Call it stimulated synesthesia: there’s something really satisfying when your brain sees and hears a connection between image and sound. And add some extra magic when the image is on an oscilloscope. A new video series on YouTube shows you how to make this effect yourself.
Jerobeam Fenderson has begun a series on so-called “oscilloscope music.” The oscilloscope isn’t making the sounds – that’s opposite to how an oscilloscope works, as a signal visualization device. But by designing some nice reactive eye candy for the oscilloscope, then connecting some appropriate, edgy minimal music signal, you get, well – this:
Oooh, my, that’s tasty. Like biting into a big, juicy ripe [vegetarian version] tomato [meat-lovers version] raw steak.
So in the tutorial series, Fenderson clues us in to how he makes all this happen. And this could be an economical thing to play around with, as you’ll often find vintage oscilloscopes around a studio or on sale used.
Don’t miss the description on YouTube – there are tons of resources in there; it’s practically a complete bibliography on the topic in itself.
SoundCloud’s CEO published a post saying SoundCloud is here to stay and uploads are safe. But it isn’t just SoundCloud’s business that’s troubled.
Okay, first – the one thing you shouldn’t worry about is music you’ve uploaded to SoundCloud. As I wrote at the end of last week, you should worry if you have media that’s important to you that’s located in any one place without backups, SoundCloud or otherwise. But while there have been plenty of signs SoundCloud’s business is seriously troubled, that doesn’t necessarily translate to any indication you’ll lose access to the service.
SoundCloud co-founder and CEO Alex Ljung was left scrambling in the wake of deep layoffs to assuage user fears. He took to the phones with at least one celebrity user, Chance the Rapper, who reported a “fruitful” call with the exec on Twitter Friday.
Also on Friday, Ljung posted a plea on the company’s blog:
The music you love on SoundCloud isn’t going away, the music you shared or uploaded isn’t going away, because SoundCloud is not going away. Not in 50 days, not in 80 days or anytime in the foreseeable future. Your music is safe.
Alex also refers dismissively to “an insane amount of noise” about the company.
But let’s back up. SoundCloud’s CEO can’t just shrug off fear and uncertainty when the company’s own messaging, actions, and even financial filings are largely responsible. Whatever’s going on with SoundCloud’s business, the company has lost control of its image. It’s hard not to view this “noise” as partly SoundCloud’s fault.
Co-founders Alex and Eric are each articulate and passionate advocates of music sharing. But the company has for years failed to articulate its business model. It’s talked about subscription services like SoundCloud Go, without being clear about how it can compete with entrenched competitors, and talked about advertising without being clear about how it will attract advertisers or how those ads will be effectively delivered. It’s been evasive about details of revenue and profit. It’s allowed bad press to accumulate, like allowing lavish office photos to spread just as financial filings were adding to concerns about its future. It has often failed to go on the record with press outlets (not mine, major press), while small rumor blogs flooded the narrative with leaked (and often inaccurate) information.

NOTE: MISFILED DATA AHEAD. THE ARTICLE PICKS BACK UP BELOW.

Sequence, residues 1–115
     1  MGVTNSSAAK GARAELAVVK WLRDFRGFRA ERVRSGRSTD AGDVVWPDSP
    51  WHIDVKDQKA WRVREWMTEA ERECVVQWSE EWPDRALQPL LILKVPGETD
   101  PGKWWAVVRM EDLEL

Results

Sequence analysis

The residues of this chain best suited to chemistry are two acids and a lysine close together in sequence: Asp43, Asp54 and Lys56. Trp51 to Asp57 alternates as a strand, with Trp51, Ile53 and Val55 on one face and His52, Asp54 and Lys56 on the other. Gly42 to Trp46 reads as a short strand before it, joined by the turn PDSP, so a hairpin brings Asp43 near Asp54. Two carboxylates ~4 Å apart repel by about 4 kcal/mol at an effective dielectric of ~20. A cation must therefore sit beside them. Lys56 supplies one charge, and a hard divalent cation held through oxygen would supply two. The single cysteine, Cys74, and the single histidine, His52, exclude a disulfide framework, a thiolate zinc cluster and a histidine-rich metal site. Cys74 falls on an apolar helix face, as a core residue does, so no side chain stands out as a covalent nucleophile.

To see how badly SoundCloud’s media relations are going, look to recent reports by the likes of Forbes or even TechCrunch. That’s TechCrunch, who just last year were so bullish on SoundCloud that they said the company should be worth more than Spotify
The best SoundCloud could do by way of correction or response in this place was to say that the fourth quarter begins in 80 days, not 50, and that they meant they had money through the end of that quarter (that is, the end of the year) – but that means we’re not any further along than when Ljung initially made that same statement in a financial statement in January. You can watch the messy back and forth here: SoundCloud Responds to ‘Extensive Inaccuracies’ in Article Claiming It’s Almost Out of Money
[Indeed, TechCrunch has reason to complain here – SoundCloud doesn’t specify what it means by “extensive inaccuracies,” and actually appears to confirm some of the main gist of the article.]
Presumably these layoffs were planned for some time, so why did SoundCloud appear to be improvising its message to the press and its own staff?
And this problem isn’t a new one in summer. Way back in January, the apparent failure of revenue plans to keep pace with growing costs were fueling acquisition predictions. Now we have vague platitudes from the CEO that the company intends to remain independent, without any material on how they will do that. (That is, even after 40% staffing cuts, they’re still not talking about having money after the fourth quarter, unless by “foreseeable future” Ljung only means he can forsee 2017!) Here’s Fortune back at the end of the year; we actually know very little new information since then: Here’s Why SoundCloud Will Likely Look to Be Acquired Soon [Fortune]
I know SoundCloud can do better, having covered the company since its 2008 founding. I know its founders can do a better job of messaging than this, too, having known them almost as long. Rather than simply imploring its users to help, they need to provide a better picture as soon as possible as to how revenue growth will work versus costs – particularly now, having cut some of the staff who were responsible for making that revenue growth happen.
That said, I think SoundCloud are unfairly bearing the brunt of bad press and angry musicians.
Let’s not mince words: right now, the whole model of streaming appears economically broken, and surely all the major players deserve some share of the blame.
Talk about a rock and a hard place – maybe “buried under a pile of rubble” is more apt.
Content creators and owners believe they should get paid for music being streamed. So you’ve got the industry that represents them asking for higher royalty rates.
The problem is where the revenue to pay those royalties is coming from. Listeners don’t appear to want to pay much for subscription fees. That’s at least partly why Spotify and SoundCloud and others aren’t showing profitable results. Even if you don’t buy their arguments (lavish offices and huge headcount being evidence), there’s still a fundamental problem here. If users pay a flat fee for a subscription, then the company loses money the more they listen to the service – because royalty costs accrue. SoundCloud here actually has an edge, in that not all of the music uploaded requires a license – think spoken word and unreleased music. But SoundCloud hasn’t yet proven that they can make this work, either. (We’ll see if those staff cuts or other budget trimming helps.)